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Stephenson, Hallie, Can You Hold It


Hallie Stephenson
Age: 18, Grade: 12

School Name: Poly Prep Country Day School-Uppr, Brooklyn, NY
Educator: Christy Hutchcraft

Category: Personal Essay & Memoir

Can You Hold It

         When I was around nine or ten, I would bring an extra change of clothes with me just in case it happened. A weak bladder, my mom would say. Don’t forget to pack your extra pants. 

        It happened for the first time that I can remember in Disneyland. I was six years old and sister Fiona was around four. Melissa, our nanny and best friend in the whole world, came along for the trip to help my parents take care of all four of us. We were coming back to the Grand Floridian after a night of pure bliss and revelry at the Magic Castle, when I burst out laughing at the sight of a bald man trying to pick up his small child. It’s like an egg chasing a chicken! I thought. And soon enough, we were all hysterically laughing at almost nothing at all. Without ever being invited to the party, it happened. My pants were completely drenched. I laughed it off, and soon we were in the elevator with sunbathed women wearing white lingerie as they were turning in for a night of rest. I held a newspaper in front of my body, exclaiming Oh, the pool is so wet! My, the pool is so wet, isn’t it Fiona? The ladies in the elevator laughed and we told our parents about the whole adventure when we reached our room. 
        I was eight and at the playground with two girls my age. They were both taller and bigger than me, their silhouettes monstrous next to my frame, shriveled and small. 

    “Don’t make her laugh!”
    “Why not?”
    “Because she’ll pee! She can’t help it!”
    “So what? It’s funny.”
    “That’s mean.”
    “Who cares? Let’s do it.”
    “Are you sure?”

     Becca and Scout scrunched up their faces and made pig noises at me and I couldn’t stop it from happening. In seconds my pants were soaked, my best jeans mom had bought me and that Grandmother had embroidered little white jasmines and camellias onto the waistline. My shoulders shook and heaved against my own breath, my legs were aching from trying to close them together so hard, and my laugh was like a baby elephant’s pained cries when injured.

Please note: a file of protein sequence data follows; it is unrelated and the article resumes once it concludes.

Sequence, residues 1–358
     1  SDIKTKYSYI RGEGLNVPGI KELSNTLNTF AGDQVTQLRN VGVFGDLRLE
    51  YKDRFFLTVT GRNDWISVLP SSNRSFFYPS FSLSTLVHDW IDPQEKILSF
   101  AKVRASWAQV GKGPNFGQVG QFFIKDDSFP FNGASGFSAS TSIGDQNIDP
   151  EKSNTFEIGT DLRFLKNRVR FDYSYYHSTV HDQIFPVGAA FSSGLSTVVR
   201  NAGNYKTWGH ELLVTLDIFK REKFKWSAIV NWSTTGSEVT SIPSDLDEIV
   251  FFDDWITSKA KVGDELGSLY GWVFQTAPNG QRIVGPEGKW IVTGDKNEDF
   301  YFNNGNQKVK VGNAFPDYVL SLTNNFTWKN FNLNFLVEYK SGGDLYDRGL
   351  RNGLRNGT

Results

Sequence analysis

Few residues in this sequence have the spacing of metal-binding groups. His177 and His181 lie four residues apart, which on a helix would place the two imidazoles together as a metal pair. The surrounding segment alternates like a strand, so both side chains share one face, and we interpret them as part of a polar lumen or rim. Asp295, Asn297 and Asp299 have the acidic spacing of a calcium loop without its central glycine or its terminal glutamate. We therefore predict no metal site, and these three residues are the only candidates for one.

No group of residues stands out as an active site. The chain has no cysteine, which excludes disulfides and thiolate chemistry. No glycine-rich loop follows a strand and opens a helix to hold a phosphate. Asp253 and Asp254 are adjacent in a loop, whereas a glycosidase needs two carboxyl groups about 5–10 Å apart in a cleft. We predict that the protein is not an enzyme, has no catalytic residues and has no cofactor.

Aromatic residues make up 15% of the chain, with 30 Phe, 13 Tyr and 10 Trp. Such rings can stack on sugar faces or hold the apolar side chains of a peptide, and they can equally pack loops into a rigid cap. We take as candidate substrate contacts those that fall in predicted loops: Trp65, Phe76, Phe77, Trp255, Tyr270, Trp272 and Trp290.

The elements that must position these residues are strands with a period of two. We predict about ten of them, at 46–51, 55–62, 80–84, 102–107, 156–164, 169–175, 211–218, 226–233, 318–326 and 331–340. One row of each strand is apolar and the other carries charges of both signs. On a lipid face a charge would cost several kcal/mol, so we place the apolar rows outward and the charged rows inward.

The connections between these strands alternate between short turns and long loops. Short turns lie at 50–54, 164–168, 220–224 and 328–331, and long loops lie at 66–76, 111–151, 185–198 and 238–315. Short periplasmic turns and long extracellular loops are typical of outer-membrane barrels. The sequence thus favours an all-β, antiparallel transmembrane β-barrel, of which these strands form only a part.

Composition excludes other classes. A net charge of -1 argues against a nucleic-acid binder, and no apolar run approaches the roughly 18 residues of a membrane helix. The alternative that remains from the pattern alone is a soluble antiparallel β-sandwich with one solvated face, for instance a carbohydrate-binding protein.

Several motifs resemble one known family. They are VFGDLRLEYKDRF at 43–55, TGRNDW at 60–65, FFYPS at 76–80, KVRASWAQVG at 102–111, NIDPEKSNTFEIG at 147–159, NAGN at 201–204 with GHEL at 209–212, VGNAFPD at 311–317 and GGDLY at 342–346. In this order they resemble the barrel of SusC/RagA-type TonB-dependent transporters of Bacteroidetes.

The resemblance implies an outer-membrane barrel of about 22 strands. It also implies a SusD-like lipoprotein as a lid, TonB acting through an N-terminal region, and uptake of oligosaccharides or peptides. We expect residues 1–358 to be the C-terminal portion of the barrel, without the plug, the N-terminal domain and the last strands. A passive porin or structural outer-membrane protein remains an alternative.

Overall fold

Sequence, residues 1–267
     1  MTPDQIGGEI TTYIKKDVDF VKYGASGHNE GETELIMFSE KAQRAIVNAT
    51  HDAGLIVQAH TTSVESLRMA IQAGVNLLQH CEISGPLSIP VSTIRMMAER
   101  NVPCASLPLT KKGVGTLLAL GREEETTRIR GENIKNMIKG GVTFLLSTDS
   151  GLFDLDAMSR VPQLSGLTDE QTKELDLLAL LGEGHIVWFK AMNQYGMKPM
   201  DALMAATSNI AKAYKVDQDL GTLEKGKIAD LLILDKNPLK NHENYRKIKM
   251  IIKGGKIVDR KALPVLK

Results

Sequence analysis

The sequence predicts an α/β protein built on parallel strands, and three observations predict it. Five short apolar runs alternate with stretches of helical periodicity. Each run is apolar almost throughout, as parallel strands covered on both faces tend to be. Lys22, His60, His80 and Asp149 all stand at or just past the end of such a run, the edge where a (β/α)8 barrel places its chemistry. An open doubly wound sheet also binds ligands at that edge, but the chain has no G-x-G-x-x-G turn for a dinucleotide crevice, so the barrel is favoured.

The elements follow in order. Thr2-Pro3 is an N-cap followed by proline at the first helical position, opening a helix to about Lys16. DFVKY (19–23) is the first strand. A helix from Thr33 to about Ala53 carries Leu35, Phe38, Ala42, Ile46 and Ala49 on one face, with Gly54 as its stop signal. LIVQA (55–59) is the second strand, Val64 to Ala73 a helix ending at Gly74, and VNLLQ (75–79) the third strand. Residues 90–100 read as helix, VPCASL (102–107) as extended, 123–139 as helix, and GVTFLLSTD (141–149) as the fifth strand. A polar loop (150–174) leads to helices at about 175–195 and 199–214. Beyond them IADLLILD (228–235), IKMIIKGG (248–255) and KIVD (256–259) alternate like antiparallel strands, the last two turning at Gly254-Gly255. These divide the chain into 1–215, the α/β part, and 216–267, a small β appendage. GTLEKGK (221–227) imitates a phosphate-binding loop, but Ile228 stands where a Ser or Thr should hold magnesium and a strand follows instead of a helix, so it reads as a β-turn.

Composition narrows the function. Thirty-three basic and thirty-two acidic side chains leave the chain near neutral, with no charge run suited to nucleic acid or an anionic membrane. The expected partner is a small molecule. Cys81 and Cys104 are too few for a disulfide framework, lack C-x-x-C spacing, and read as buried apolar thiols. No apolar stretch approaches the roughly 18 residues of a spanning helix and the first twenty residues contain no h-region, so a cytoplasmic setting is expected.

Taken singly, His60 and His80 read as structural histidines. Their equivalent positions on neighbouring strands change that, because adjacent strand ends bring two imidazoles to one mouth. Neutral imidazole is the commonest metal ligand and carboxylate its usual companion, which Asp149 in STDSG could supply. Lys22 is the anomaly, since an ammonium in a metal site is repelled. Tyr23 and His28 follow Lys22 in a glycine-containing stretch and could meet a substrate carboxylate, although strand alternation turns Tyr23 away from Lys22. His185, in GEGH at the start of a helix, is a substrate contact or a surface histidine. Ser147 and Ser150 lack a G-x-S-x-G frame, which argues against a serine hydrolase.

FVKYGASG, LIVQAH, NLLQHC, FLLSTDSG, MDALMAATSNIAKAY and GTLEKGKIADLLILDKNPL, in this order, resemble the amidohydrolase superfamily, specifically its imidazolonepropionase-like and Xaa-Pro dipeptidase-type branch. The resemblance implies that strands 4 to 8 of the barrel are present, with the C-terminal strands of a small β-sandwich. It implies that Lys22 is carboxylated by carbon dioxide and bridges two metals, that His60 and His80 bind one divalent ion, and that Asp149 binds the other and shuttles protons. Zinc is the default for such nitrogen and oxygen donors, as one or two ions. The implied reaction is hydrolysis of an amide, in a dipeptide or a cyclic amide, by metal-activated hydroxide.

Once I had stopped laughing, the girls both looked at each other in the eyes and giggled, snorting and hissing with their tongues out. They looked down at where the stain was on my pants and their lips curled. Immediately I felt the sting of tears readying themselves behind my forehead and the glazed feel of wetness on my eyes. I looked down at my pants and saw that they were completely soaked down to my mid thigh, where the color of the blue jeans was deeper and darker. It felt cold, sticky and horrible. I squeezed my legs together desperately to no avail. I scolded myself silently and pulled my sweater from my arms and wrapped it around my waist. The cool air hit my shoulders and I wished I’d brought another one like my mom had told me to. The girls had stopped laughing and walked closer to me, putting their arms around my shoulders and grinning. We walked home together after that. Now looking back I can’t understand why I stayed friends with those girls, but then I suppose that at the time they were all I knew.

       Grandaddy said it was a shame that my laughter came with a price. Science says that daytime wetting happens in about 4% of healthy children. All types of involuntary urine loss, regardless of the amount, can be referred to as urinary incontinence. Urine leakage is usually caused by a sudden increase in abdominal pressure, including but not limited to exercise or coughing. Stress urinary incontinence causes urine to leave the body without it meaning to, as a result of the bladder outlet being weaker than normal. Sometimes it can be controlled after a little while, but in other cases the bladder can empty entirely. Most regularly the cases appear in children 4-9, but can also progress into adolescence, through puberty and into adulthood.

        A year later, we went to the fair in Southampton, the one with the big rainbow slide made out of plastic that shook and bent with the weight of the little kids. A large cutout of a smiling cow was lit up with bright white lanterns. I held onto the sleeve of my dad’s jacket like I always did, my arm following wherever he went like I was his own personal growth of fungi. Fiona was being dragged on the other side, her head of dark blonde rising and falling to the beat of dad’s steps. His hair stuck up like prickly thorns if they were soft and fluffy. My mom was walking nearby, her stout form and deep brown hair a silhouette holding the hands of my two little brothers. Their legs were little walking sticks, heavy from drinking a bit too much soda, both Frank and Beau walking unsteadily as if already tired before we had even arrived. But not me. I was awake. I was ready for anything. Full belly, full smile, full bladder.